GI also administers such programs as:
Consumer Protection: “Greenlining’s legal advocacy is policy-focused and strives to protect and promote the interests of California ‘s vulnerable communities. For example, Greenlining’s Advocacy team has created projects in such areas as: microbusiness development, increasing diversity in the legal profession, small business technical assistance, alternative energy … environmental justice, technology access and educational pipeline programs.”
Bridges to Health: This program seeks “to promote policies that empower communities of color and other disadvantaged groups in the benefits of good health and healthy environments.”
Diversity in the Health Workforce: “In California, there exists an alarming shortage of diversity in the health professions. Given the growth of California’s minority populations—and their corresponding need for culturally and linguistically appropriate health care—this shortage signals a serious threat to the health of the population. [This] program works to increase diversity in a variety of health professions …”
Access to Care: This project aims “to provide a voice for and engage low-income communities of color, who are disproportionately affected by inadequate health coverage, to participate in the process of advocating for … universal and affordable health care coverage for all Californians.” The project endeavors to “ensure equity of responsibility based on financial resources,” meaning that people who earn money and pay taxes will cover the health-care expenses of those who do neither.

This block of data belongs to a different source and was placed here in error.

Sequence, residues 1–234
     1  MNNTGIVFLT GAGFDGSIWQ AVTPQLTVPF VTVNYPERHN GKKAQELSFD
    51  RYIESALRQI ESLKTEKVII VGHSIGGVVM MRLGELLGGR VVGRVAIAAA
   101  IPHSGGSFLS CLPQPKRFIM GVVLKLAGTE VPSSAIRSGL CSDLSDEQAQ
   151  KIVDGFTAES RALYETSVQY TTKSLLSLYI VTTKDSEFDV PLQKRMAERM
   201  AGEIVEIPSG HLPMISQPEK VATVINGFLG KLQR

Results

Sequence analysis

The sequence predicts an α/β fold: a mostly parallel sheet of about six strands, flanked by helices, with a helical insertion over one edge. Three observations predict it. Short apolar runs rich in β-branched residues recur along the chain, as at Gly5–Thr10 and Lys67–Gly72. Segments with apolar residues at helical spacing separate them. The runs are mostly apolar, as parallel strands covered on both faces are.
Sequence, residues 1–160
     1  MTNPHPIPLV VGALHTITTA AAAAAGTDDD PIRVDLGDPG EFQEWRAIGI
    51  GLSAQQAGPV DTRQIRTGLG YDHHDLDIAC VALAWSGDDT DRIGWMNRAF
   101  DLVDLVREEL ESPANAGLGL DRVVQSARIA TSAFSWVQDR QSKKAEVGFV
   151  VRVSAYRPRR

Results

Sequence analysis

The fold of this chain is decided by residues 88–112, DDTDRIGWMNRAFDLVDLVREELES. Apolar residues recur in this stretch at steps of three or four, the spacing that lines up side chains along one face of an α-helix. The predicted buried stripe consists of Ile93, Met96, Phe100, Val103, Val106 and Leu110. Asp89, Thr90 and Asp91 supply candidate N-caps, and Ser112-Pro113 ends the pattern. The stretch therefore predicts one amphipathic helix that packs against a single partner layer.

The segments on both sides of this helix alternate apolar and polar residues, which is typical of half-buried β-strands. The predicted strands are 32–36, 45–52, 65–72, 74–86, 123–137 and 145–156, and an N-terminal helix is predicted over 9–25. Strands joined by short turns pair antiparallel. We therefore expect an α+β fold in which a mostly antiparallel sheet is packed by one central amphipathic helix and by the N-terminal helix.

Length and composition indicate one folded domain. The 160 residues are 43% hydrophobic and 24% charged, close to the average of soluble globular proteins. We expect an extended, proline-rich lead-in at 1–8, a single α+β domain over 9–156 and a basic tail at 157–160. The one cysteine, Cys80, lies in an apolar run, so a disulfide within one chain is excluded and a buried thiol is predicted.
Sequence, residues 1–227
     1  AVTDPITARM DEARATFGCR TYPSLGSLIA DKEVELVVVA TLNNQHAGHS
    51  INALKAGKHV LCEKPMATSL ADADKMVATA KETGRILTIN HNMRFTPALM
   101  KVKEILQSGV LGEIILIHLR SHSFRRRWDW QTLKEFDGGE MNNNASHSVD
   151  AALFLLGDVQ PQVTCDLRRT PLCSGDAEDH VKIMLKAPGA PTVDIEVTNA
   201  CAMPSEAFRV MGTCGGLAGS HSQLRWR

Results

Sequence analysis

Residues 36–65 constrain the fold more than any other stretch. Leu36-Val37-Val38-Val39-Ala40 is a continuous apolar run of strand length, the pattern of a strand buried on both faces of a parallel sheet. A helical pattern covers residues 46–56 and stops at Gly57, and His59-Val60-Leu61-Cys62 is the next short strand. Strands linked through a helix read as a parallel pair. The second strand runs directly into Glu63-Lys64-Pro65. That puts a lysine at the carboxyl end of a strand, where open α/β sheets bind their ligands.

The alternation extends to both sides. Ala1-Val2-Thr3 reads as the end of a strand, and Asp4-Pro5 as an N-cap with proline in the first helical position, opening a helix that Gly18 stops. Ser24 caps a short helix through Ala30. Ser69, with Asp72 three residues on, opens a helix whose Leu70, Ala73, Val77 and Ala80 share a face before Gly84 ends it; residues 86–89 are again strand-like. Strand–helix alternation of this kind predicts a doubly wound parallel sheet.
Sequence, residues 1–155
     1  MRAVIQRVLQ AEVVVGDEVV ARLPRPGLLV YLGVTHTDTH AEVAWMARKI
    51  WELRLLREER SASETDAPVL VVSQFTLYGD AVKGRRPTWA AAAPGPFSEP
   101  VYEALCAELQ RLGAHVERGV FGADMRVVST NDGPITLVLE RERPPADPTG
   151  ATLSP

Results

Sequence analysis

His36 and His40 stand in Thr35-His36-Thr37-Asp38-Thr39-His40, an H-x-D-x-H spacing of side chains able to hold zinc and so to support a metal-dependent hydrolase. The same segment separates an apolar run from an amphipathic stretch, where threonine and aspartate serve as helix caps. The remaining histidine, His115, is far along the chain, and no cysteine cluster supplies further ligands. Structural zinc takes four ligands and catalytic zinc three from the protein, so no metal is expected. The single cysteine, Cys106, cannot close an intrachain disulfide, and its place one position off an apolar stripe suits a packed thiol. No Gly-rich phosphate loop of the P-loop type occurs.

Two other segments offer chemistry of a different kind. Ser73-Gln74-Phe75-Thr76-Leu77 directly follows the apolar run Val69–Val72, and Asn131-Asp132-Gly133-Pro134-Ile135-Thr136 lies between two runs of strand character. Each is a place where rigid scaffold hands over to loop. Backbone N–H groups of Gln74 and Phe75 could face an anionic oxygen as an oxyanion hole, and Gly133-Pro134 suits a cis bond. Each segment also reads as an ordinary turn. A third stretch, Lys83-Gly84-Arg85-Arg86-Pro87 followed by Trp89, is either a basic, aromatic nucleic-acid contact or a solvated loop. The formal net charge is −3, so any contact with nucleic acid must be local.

Higher Education: This program is devoted to “the pursuit of a more accessible, diverse, and affordable California public university.” Says GI: “Since the implementation of Proposition 209 [which outlawed affirmative action in California’s public sector] more than a decade ago, the public university in California has become far less diverse. The University of California has especially seen rapidly-diminishing inclusion of African American and Latino students…” To increase public support for race- and gender-preferences, this Higher Education initiative uses student leaders on thirty campuses statewide to spread its message via such Internet websites as MySpace, Facebook, and YouTube, which are very popular with young adults.
To disseminate its worldview among young people, GI in 1996 established its Greenlining Academy which “works to develop the next generation of multi-ethnic leaders and informed community members … and provides opportunities for them to acquire skills and build vital social networks that will enhance their effectiveness as future social justice leaders.” In 2007, this Academy trained more than 100 people. Its programs are tailored specifically for high-school, college, and graduate students; recent college graduates; and recent law-school graduates.
Working with an annual budget of $3.7 million (as of 2006), GI employs a staff of 18 people whose work takes place in the organization’s Berkeley, California headquarters. That headquarters also hosts approximately 40 California-based associations, churches and civic groups, most of which represent nonwhite minorities.